When you think of your community, what do you think of? Do you think of the people you see on the daily dog walk? Or the people who post on the noticeboard next to the local shop? Perhaps your community is a sports team or a group that meet up based on a common interest? However, things have changed in the past twenty years, meaning the way we see communities and the way we build communities has changed. So, how does being involved in a community benefit our lives?

How Do We Exist Online?

The majority of people have an online footprint. We might keep it to the bare minimum, by just having an email address, or we might go all out and be on every single possible social network, have a website, a YouTube channel, and actively be cultivating an online presence. This is one way in which communities can be built up, and a way in which the maximum social benefits can be reaped. The wider the network – the wider the opportunities.

Most people have some presence on social media. This could be to keep in touch with friends, to build a platform for your business, or could even act as a way to check up on the neighbors with local community groups. An online presence can be a way to bolster existing interests and friendships, as well as forming new relationships.

For example, in the online entertainment industry, those who play games online may benefit from the online chatrooms that exist alongside a person’s gameplay. When playing fun bingo games online, for instance, players have the opportunity to chat to one another, discuss the events of the latest game, or even just get to know their fellow players.

These chatrooms help create this online presence and adds another layer to the traditionally social activity. Furthermore, these chatrooms could simply be used to find other people with a similar passion for the popular past time, a place where you can build your bingo family. Games such as bingo, which have a reputation for cultivating communities, are retaining that aspect with their online versions.

Other online gaming communities, such as Twitch, also illustrate just how useful an online presence can be. Streamers have personal platforms on the site and can also use social media to redirect people to their streams. The nature of the community means that the more people who see it, the more are likely to get involved in subscriber discussion, which widens both the streamer’s and the viewers’ social networks. Ultimately, this could lead to careers, show off transferable skills, or could simply be a very engaging hobby for those who like to socialize and play.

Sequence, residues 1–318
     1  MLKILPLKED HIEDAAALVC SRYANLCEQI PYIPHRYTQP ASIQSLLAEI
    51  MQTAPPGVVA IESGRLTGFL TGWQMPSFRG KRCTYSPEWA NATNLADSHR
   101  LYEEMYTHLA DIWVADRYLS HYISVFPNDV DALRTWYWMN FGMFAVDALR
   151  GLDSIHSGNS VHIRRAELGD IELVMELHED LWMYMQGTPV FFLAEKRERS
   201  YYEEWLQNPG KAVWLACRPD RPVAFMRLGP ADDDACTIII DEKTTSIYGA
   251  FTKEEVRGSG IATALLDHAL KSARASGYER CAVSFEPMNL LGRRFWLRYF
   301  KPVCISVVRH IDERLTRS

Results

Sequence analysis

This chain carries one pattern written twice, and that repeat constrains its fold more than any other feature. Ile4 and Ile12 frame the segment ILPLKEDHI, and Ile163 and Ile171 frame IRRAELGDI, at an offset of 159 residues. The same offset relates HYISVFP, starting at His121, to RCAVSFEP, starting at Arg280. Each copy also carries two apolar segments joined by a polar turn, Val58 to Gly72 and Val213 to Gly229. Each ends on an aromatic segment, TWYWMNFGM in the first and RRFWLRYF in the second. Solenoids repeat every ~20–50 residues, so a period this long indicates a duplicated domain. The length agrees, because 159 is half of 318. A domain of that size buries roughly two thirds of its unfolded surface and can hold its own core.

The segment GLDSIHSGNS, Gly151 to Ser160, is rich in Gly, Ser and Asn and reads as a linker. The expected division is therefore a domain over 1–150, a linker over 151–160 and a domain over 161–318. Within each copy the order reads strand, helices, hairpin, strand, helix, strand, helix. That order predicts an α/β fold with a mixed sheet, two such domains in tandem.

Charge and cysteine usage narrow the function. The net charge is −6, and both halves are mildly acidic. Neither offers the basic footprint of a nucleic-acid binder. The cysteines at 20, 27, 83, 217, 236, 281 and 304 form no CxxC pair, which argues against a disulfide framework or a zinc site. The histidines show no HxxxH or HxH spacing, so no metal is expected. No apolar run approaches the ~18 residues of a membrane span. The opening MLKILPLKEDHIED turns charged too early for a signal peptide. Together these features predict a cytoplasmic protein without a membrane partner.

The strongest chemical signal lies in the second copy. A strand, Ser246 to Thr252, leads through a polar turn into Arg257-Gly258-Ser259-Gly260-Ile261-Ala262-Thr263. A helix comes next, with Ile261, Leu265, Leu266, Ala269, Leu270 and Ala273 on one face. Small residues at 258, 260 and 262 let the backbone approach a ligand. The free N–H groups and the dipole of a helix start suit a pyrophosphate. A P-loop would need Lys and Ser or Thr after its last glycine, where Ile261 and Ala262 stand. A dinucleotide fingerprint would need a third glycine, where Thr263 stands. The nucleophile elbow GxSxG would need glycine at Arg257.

Communities Can Be Built Through Forums

Since the advent of the Internet, online forums have been a great way to find new communities online. Whether the topic has been camping in the wilderness, advice on particular careers, or even information on a new pet, forums have allowed people to gather together around one point of interest. Social media has allowed forums to increase as the reach of people being able to find like-minded communities has grown.

For example, sites such as Goodreads provide a forum for people to share what they’re reading, book reviews, and discuss literature which can help build friendships and new relationships around a common link. Traditional forums still exist such as those that discuss Microsoft, Windows, and Apple technology, for example; as people ask questions about why their devices are malfunctioning, and other people who have had similar problems are able to provide the answers.

people around a table

Moreover, a more modern kind of forum exists on Facebook where people post memes, funny images, and discuss TV shows and movie releases. Facebook groups allow for forums to build around local issues – such as forums on the immediate area, the city, or even the county.